If you're considering a second-act career, this social network can be the key to unlocking new opportunities.
Facebook may help you stay connected socially, but having a presence on LinkedIn is crucial to staying connected professionally. And if you're starting your second act, the network can be a great way to build your personal brand and find your next career endeavor.
LinkedIn has more than 433 million members in more than 200 countries and territories. In fact, when you Google yourself—even if you have a website—the first result is likely to be your LinkedIn profile, says Alex Pirouz, founder of Linkfluencer, an online community for LinkedIn training.
"That's why it's so important to use LinkedIn to the fullest extent to build your reputation, network successfully, and attract clients or recruiters who can help you find your next gig," says Robin Colner, director of the Digital and Social Media Professional Certificate Program at Fordham University's School of Professional and Continuing Studies, as well as the president and founder of DigiStar Media.
Here, Pirouz and Colner share five steps to creating a LinkedIn experience that will garner attention and help you move ahead, no matter what your goals are.
Tell a story. We've always been taught to create resumes that list experience, dates, and skills. While those things are still important, the traditional list-based résumé isn't ideal for LinkedIn, says Pirouz. Instead, build your profile based on the answers to these questions: What are the three challenges your service or product can solve for your target market? And what makes you different as a person and as an employee? Write your summary in the third person and in a story format that covers how you got started, what led you to where you are and what you're currently working on. You can also weave in any achievements or awards.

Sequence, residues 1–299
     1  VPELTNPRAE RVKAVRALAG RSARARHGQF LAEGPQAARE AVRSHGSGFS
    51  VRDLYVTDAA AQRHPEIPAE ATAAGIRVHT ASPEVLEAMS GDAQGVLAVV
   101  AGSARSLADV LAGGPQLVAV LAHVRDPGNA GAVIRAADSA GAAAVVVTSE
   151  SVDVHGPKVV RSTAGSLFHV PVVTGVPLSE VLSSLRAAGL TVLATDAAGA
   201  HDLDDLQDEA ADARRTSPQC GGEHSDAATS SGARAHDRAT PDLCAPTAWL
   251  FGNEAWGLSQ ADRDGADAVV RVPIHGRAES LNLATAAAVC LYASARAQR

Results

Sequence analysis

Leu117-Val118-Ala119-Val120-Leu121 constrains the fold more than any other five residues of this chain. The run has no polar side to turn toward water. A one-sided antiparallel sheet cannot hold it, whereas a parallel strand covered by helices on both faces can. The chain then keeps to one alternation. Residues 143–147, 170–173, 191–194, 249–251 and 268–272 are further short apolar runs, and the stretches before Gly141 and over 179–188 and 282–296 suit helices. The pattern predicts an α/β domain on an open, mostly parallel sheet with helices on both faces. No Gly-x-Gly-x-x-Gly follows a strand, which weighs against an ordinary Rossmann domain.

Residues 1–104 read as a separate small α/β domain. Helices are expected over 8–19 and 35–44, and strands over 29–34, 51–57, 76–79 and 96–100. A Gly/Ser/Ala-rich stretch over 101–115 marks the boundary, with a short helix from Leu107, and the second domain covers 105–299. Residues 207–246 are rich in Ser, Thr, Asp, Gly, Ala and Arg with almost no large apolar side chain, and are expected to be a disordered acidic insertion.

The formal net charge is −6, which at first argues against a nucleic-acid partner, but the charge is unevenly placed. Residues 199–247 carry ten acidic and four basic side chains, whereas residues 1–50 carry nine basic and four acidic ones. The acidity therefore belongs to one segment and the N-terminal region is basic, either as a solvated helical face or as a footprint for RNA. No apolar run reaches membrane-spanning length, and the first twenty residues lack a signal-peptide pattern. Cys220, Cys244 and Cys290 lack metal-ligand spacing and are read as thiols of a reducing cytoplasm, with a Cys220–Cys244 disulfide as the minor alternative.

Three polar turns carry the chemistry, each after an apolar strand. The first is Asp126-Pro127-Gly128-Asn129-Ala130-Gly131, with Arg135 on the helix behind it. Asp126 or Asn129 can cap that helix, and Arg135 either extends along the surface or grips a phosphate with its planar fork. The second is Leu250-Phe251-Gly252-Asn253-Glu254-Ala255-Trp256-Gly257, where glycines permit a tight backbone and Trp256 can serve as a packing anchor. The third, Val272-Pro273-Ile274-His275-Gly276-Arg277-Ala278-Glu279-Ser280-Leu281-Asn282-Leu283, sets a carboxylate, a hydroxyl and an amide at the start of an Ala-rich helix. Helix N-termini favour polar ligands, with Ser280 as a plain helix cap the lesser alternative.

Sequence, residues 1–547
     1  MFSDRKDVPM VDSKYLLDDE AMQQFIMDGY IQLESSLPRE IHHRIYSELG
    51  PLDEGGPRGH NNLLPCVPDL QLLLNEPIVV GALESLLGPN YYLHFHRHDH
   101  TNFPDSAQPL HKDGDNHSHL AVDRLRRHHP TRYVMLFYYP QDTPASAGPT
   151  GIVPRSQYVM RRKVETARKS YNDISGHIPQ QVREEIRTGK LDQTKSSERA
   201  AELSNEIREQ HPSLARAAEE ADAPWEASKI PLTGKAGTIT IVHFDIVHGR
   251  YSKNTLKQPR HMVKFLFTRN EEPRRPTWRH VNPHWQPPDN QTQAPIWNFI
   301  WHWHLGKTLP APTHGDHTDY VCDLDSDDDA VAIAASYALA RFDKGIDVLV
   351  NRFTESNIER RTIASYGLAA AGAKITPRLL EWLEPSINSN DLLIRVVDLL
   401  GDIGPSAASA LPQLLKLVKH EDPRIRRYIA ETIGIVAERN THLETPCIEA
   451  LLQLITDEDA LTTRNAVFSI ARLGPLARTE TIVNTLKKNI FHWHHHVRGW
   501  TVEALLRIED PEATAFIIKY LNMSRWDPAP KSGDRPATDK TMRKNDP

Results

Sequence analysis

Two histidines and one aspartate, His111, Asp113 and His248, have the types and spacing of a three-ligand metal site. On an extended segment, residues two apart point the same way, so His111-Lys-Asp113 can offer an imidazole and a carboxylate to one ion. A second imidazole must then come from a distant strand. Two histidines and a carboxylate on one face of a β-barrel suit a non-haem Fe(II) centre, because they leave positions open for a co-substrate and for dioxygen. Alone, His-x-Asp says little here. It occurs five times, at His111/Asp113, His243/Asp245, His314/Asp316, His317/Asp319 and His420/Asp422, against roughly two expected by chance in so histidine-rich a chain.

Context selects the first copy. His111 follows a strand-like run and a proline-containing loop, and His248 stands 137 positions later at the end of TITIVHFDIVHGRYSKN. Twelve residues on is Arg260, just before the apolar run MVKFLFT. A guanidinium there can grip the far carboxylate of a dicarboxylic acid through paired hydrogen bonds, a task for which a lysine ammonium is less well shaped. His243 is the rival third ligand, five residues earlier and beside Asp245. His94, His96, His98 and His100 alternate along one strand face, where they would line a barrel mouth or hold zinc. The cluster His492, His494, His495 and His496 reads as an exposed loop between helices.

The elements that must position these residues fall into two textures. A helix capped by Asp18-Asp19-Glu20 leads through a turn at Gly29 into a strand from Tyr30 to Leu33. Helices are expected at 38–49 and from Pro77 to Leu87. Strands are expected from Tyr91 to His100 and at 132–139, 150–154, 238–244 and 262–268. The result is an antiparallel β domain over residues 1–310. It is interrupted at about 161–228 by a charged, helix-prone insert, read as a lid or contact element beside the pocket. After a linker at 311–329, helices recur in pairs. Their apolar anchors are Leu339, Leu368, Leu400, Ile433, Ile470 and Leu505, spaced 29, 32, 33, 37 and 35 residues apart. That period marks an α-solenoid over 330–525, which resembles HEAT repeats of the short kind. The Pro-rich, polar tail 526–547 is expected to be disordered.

Join the right groups. There are millions of LinkedIn groups. You'll want to join the ones that are related to your functional expertise, industry interests, and where you're regionally located (for example, the Real Estate Networking Group, or the Des Moines Information Technology Professionals group). "Groups offer an opportunity to network and learn from industry professionals, while demonstrating your expertise by contributing articles and comments related to discussion topics," says Colner. "Groups also offer the opportunity to attract strategic partners and potential clients."
Write your own recommendation. LinkedIn allows you to ask your connections to provide recommendations. Pirouz suggests writing your own recommendation and sending it to people you think will feel comfortable giving you a public nod. Most of the time they will be happy to post it with a few personal touches.
Discover new information. LinkedIn is a veritable goldmine when it comes to finding info on the organizations you'd like to work with or for. Be sure to follow the updates of all the companies and people you have an interest in doing business with, as well as influencers and experts in your field.
Put in the time. LinkedIn isn't a set-it-and-forget-it resource. You need to ask for connections, participate in groups and get involved. Colner suggests spending 15 minutes each day making connections, reading and engaging with updates, and posting blogs and sharing content to keep yourself top-of-mind.